Sudan’s armed forces have overthrown and arrested President Omar al-Bashir after months of protests against his nearly 30-year rule.
In a statement on Thursday, General Awad Ibn Auf said al-Bashir was taken to a “safe place” after the “toppling of the regime” and also announced the formation of a military led transitional government, which will rule for two years.
“The armed forces will take power with representation of the people to pave the way for Sudanese people to live in dignity,” said Ibn Auf, the country’s vice president and defense minister.
The announcement drew the scorn of protesters, however, who accused the military of engineering a “regime coup” and failing to meet their demands for a civilian-led transitional government.
He also declared a three-month state of emergency and the suspension of the 2005 Constitution, as well the closure of Sudan’s airspace for 24 hours and of border crossings until further notice.
All of Sudan’s government’s institutions, including the National Assembly and national council of ministers, have been dissolved, Ibn Auf added, assuring that Sudan would soon prepare for “free and fair” elections.
The army also slapped a monthlong night-time curfew on the country, due to start around 10pm (20:00 GMT).
Sudan’s state security agency, meanwhile, said authorities would release all political detainees. The National Security and Intelligence (NISS) service did not indicate when the release would take place.
Protesters reject ‘military coup’
Ibn Auf’s announcement came against the backdrop of a sixth successive day of anti-government protests outside Sudan’s army headquarters in the capital, Khartoum.
Demonstrators have staged a mass sit-in outside the complex to call for the army to support their bid to see al-Bashir peacefully removed from power.
The Sudanese Professionals Association (SPA), which has been spearheading the protests, rejected Ibn Auf’s move as a “military coup”, however, and vowed to hold further demonstrations.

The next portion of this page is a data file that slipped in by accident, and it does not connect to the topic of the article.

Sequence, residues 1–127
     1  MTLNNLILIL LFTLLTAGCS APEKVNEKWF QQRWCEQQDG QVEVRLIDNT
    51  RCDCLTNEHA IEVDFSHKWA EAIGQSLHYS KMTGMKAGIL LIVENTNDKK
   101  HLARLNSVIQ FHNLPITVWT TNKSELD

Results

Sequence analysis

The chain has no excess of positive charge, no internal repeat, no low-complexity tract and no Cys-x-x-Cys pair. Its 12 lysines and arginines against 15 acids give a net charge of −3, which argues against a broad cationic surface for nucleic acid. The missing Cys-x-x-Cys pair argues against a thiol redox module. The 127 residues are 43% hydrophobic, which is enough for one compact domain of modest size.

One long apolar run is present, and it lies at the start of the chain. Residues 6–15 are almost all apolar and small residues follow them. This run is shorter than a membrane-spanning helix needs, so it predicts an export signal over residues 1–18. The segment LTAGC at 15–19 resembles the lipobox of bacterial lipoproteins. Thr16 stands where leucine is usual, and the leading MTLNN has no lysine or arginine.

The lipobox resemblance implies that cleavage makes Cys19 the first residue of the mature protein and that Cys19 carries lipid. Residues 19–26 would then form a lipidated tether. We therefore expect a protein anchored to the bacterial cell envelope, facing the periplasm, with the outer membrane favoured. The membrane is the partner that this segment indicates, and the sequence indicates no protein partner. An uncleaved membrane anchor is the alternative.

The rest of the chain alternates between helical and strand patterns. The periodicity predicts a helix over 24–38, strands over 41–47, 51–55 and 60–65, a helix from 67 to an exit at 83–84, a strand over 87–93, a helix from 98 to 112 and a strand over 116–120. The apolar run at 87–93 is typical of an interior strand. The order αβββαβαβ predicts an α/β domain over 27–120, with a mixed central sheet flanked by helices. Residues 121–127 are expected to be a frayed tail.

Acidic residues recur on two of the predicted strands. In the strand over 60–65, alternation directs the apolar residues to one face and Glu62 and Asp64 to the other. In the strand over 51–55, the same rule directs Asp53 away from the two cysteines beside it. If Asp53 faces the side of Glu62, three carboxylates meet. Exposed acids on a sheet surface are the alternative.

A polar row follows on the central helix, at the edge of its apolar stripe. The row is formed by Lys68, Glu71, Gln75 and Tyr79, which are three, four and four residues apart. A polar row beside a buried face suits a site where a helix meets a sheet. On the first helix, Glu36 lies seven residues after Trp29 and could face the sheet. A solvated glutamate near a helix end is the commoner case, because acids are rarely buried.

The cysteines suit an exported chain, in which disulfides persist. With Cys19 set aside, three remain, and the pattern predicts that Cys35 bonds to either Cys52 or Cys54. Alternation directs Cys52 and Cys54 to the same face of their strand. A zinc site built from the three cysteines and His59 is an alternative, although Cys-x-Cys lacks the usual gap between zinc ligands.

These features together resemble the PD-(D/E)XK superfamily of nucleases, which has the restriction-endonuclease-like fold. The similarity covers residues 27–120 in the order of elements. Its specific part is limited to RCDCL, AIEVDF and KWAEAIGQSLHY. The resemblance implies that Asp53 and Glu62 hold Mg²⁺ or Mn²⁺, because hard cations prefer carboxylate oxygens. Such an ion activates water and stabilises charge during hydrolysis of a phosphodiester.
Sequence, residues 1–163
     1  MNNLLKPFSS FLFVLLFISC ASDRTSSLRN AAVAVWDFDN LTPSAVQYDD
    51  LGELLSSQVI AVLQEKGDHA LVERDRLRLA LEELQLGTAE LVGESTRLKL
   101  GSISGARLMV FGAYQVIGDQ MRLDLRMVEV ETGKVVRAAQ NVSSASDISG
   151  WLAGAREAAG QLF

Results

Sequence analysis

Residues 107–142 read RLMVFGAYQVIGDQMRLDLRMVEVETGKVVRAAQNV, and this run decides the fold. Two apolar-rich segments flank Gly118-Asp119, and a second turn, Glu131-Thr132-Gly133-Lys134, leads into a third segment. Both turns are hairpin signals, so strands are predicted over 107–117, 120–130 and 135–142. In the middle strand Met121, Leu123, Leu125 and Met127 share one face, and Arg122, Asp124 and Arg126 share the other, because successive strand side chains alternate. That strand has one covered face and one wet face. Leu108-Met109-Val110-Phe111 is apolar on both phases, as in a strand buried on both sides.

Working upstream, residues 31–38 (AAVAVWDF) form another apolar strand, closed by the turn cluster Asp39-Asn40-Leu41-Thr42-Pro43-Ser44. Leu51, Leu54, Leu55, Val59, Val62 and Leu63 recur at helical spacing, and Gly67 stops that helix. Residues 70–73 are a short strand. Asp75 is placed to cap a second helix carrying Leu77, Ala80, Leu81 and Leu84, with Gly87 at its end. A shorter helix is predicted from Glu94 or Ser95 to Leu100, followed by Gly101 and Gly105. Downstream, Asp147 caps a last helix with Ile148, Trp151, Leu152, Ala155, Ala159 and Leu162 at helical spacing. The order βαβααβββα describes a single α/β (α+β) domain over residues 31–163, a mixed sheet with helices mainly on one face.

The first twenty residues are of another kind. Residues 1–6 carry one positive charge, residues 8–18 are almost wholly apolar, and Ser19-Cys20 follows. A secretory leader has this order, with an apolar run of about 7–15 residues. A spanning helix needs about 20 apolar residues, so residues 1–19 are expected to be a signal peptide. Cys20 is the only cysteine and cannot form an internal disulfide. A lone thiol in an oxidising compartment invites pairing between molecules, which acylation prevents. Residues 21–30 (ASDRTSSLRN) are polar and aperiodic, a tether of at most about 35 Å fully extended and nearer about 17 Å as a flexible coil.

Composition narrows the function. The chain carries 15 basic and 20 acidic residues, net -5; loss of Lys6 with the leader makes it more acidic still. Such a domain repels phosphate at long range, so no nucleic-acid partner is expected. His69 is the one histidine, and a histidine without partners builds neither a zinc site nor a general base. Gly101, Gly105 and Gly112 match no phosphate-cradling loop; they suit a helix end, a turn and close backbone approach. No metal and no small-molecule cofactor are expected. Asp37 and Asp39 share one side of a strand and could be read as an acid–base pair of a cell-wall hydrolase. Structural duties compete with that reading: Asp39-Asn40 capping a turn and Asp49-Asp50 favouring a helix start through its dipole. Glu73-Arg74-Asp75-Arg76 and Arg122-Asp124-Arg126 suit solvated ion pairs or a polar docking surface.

The SPA said in a tweet it was demanding the “handover of power to a civilian transitional government that reflects the forces of the revolution”.
But Al Jazeera’s Hiba Morgan, reporting from Khartoum, said the “future of Sudan is very much in the hands of Ibn Auf”.
“Most of the members [of this military council] are part of the ruling [National Congress] party and old regime … [but] the protesters want new leaders, civilian leaders, not the military,” Morgan said.
Protests against al-Bashir, who took power in 1989 and is wanted by the International Criminal Court, started in December over rising bread prices but quickly morphed into broader calls for him and his political entourage to release their grip on power.
Critics accuse the 75-year-old of mismanaging Sudan’s economy, resulting in high food prices, regular fuel shortages and widespread cash shortages.
‘We want transition’
Representatives of the anti-government Girifna resistance movement, which has helped organize the anti-government protests, said the group would also continue to protest until its demands for a political overhaul were met and described Ibn Auf’s announcement as a “slap in the face”.
“The three-month state of emergency and two years transition is not what we were fighting for,” Girifna member Hajouj Kouka told Al Jazeera from Kenya.
“We are going to use the same momentum that we had to fight Ibn Auf, he is the new enemy … we are not done,” he added.
Kouka said Girifna wanted a transition period managed by “technocrats” to ready Sudan for democracy, overseen by an “army that will protect us rather than rule over us”.
“We [the demonstrators] are very specific and untied about this demand,” he added.
The downfall of al-Bashir follows the toppling this month of Algerian President Abdelaziz Bouteflika, also following mass protests after three decades in power.
Analysts said some parallels could be drawn between the political turmoil in Sudan and Algeria as well as elsewhere “across the Arab world”.
“Algeria provides a precedent … with the protest movement [there] being led largely by young people calling for change,” Ahmed Soliman, a Horn of Africa research fellow at the UK-based Chatham House institute of international affairs, told Al Jazeera.
“[But] we should be hesitant about over comparisons, as these [movements] are driven by domestic and local issues and based largely around events occurring within the countries themselves,” he added.